anonymous address. Investigators are simply trying to find out which cryptocurrency
addresses a suspect controls. This information can often be revealed through
forensic analysis of the suspect’s devices, without the need to consult a
blockchain analysis firm.
Prosecuting cases – why expert witnesses are handy
The relatively new and fast-evolving nature of virtual
assets means that blockchain technologies such as cryptocurrencies are not
This holds true among law enforcement and judicial officers,
who may need to interpret evidence from blockchain analysis or digital wallets
in order to convict a suspect.
In this case, it is helpful to call an expert witness to clarify
and verify such evidence in court. Of course, a clear explanation of the
investigative steps followed will also help to demonstrate to the court that
the resultant evidence is just like any other evidence of financial crime.
Recovering stolen assets held in cryptocurrencies
Assets held in cryptocurrencies can be treated just like
assets held in bank accounts or real estate. For example, a judge can issue an
asset freezing order on a cryptocurrency account, pending the outcome of the
Given that cryptocurrency transactions can be made in just a
few minutes, however, international cooperation on asset freezing really needs
to speed up. Even for regular bank transfers, in the time it takes to issue the
freezing order, the money can have bounced around the world several times.
When it comes to confiscating and recovering assets held in
cryptocurrencies, authorities – which still use national fiat currencies,
although who knows what the future holds? – have a couple of options.
- One is to transfer the
cryptocurrency into the relevant fiat currency through an exchange.
- Another is to hold an
auction. The US Department of Justice recovered nearly
USD 50 million by auctioning a hoard of illicit bitcoins after closing down
the Silk Road online market in 2013.
Volatility in the value of cryptocurrencies is a headache
for those in charge of recovering assets. The Silk Road auctions of 144,336
bitcoins would have generated around USD 6 billion if sold today.
What can law
At the 4th Global Conference on Cryptocurrencies and
Criminal Finances in 2020, which was hosted by INTERPOL in cyberspace due to
the pandemic restrictions, seven
key recommendations emerged from the discussions.
In short, we see progress already, yet law enforcement still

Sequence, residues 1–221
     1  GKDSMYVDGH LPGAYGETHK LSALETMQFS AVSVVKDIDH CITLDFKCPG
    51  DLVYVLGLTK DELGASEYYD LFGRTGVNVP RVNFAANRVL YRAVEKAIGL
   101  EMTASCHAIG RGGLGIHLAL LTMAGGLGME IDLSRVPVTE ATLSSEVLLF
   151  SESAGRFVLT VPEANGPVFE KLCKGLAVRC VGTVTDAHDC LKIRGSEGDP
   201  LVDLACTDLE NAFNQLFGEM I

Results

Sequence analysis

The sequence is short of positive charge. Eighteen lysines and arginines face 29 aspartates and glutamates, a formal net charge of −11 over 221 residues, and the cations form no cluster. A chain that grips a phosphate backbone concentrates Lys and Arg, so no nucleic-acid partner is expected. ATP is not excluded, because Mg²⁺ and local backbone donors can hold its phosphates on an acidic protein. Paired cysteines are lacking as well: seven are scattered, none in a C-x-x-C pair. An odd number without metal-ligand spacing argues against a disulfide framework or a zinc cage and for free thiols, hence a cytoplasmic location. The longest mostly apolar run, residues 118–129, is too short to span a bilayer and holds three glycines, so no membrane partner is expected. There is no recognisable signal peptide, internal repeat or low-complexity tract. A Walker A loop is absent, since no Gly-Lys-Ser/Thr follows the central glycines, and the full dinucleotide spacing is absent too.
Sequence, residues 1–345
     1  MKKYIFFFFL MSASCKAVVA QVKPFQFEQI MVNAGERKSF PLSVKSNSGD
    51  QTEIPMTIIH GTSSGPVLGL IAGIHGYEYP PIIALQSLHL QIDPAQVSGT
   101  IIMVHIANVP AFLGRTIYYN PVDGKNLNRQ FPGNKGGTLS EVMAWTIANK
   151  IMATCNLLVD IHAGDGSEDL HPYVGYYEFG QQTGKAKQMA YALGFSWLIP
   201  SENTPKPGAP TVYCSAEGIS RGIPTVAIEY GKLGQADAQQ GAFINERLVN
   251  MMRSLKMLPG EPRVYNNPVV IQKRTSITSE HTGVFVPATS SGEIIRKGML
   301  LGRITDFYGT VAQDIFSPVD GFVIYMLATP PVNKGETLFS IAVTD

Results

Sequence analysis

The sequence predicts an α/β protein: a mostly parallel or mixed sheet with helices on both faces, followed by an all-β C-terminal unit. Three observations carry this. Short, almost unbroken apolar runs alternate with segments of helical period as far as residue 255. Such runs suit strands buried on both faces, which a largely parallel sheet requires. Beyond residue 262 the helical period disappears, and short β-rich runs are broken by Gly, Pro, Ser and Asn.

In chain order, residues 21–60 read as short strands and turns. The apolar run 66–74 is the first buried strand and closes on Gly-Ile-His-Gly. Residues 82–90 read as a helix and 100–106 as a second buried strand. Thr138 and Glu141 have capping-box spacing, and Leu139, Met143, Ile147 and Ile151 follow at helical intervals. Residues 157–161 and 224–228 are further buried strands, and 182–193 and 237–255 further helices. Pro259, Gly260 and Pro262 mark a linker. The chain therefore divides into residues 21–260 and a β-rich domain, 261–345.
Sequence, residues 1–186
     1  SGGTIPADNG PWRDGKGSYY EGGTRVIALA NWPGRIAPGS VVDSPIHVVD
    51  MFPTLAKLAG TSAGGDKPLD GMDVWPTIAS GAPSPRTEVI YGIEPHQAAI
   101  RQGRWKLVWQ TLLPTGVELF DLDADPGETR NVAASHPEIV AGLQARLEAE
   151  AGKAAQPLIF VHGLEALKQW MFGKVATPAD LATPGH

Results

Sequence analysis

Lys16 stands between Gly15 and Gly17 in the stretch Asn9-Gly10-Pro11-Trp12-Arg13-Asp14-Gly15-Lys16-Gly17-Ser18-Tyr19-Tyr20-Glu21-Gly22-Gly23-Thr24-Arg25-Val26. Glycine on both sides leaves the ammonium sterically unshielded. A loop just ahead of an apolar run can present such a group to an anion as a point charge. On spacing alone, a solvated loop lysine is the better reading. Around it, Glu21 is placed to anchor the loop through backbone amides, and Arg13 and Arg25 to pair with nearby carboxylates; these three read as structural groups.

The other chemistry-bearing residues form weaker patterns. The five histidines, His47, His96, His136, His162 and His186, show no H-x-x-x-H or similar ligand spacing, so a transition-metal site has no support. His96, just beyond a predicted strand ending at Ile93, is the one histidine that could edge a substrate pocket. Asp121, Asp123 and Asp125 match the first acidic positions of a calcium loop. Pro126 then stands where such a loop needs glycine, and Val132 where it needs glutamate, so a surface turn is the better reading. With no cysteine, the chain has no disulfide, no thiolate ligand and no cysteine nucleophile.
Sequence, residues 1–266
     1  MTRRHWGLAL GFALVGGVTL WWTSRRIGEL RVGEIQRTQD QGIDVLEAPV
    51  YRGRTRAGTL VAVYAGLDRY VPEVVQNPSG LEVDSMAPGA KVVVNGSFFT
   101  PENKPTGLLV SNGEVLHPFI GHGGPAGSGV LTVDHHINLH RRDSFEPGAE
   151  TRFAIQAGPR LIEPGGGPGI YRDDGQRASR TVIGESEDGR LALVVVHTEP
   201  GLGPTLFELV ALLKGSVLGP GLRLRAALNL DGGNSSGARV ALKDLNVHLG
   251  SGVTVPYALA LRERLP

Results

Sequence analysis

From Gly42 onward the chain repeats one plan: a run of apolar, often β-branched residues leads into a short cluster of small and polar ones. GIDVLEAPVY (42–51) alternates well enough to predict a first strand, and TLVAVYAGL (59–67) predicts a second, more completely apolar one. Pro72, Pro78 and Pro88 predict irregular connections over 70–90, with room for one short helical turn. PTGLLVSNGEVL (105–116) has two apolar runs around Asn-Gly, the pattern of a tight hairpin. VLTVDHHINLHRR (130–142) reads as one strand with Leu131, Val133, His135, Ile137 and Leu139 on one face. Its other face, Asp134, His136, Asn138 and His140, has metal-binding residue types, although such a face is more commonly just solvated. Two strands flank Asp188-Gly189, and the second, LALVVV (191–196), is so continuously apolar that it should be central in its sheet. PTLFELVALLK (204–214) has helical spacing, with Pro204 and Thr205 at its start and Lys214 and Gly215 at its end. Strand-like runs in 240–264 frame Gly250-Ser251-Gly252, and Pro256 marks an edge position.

has a long road ahead.
A multidisciplinary approach
For example, Recommendation 5 encourages investigators to
adopt a multidisciplinary approach. This translates to joint investigation
teams that combine financial investigation, cybercrime and technical
IT/forensic analysis expertise.
Yet many investigators still don’t reach out to counterparts
with such expertise, or else their institutions do not routinely convene
multidisciplinary investigation or asset recovery teams. They should.
Similarly, Recommendation 6 promotes new technologies to
be applied to financial investigation of virtual assets. Governments should
support research and innovation on tools that facilitate the investigation and
prevention of money laundering and terrorist financing through
At the moment, this is mainly being done by private firms,
which then charge a fee for their service to law enforcement.
Last, remember that cryptocurrencies are used by real people
in the real world. Our 7th recommendation last year to adapt investigation
strategies could include, for example, systematically searching suspects’
premises for devices or documents that might contain details of cryptocurrency
And as the use of cryptocurrencies increases around the
world, tracing transactions through the crypto sphere needs to become routine
practice among investigators. For that, our law enforcement officers quickly need
- The 5th Global Conference on Criminal Finances
and Cryptocurrencies, organised by the
Basel Institute on Governance and co-hosted with Europol and INTERPOL, will be
held virtually again in 2021 due to pandemic uncertainties. It combines a
one-day public conference with a second day of working sessions restricted to
law enforcement only.
- The Basel Institute offers
a training course on the fundamentals of cryptocurrencies, financial crime and
AML compliance. The Cryptocurrencies
and AML Compliance Training course takes place virtually at various times
per year and is spread over four three-hour sessions. Registration is open to
anyone seeking to prevent, detect and investigate the use of virtual assets for
illicit activities, including both law enforcement and private-sector
Download a PDF of this quick guide.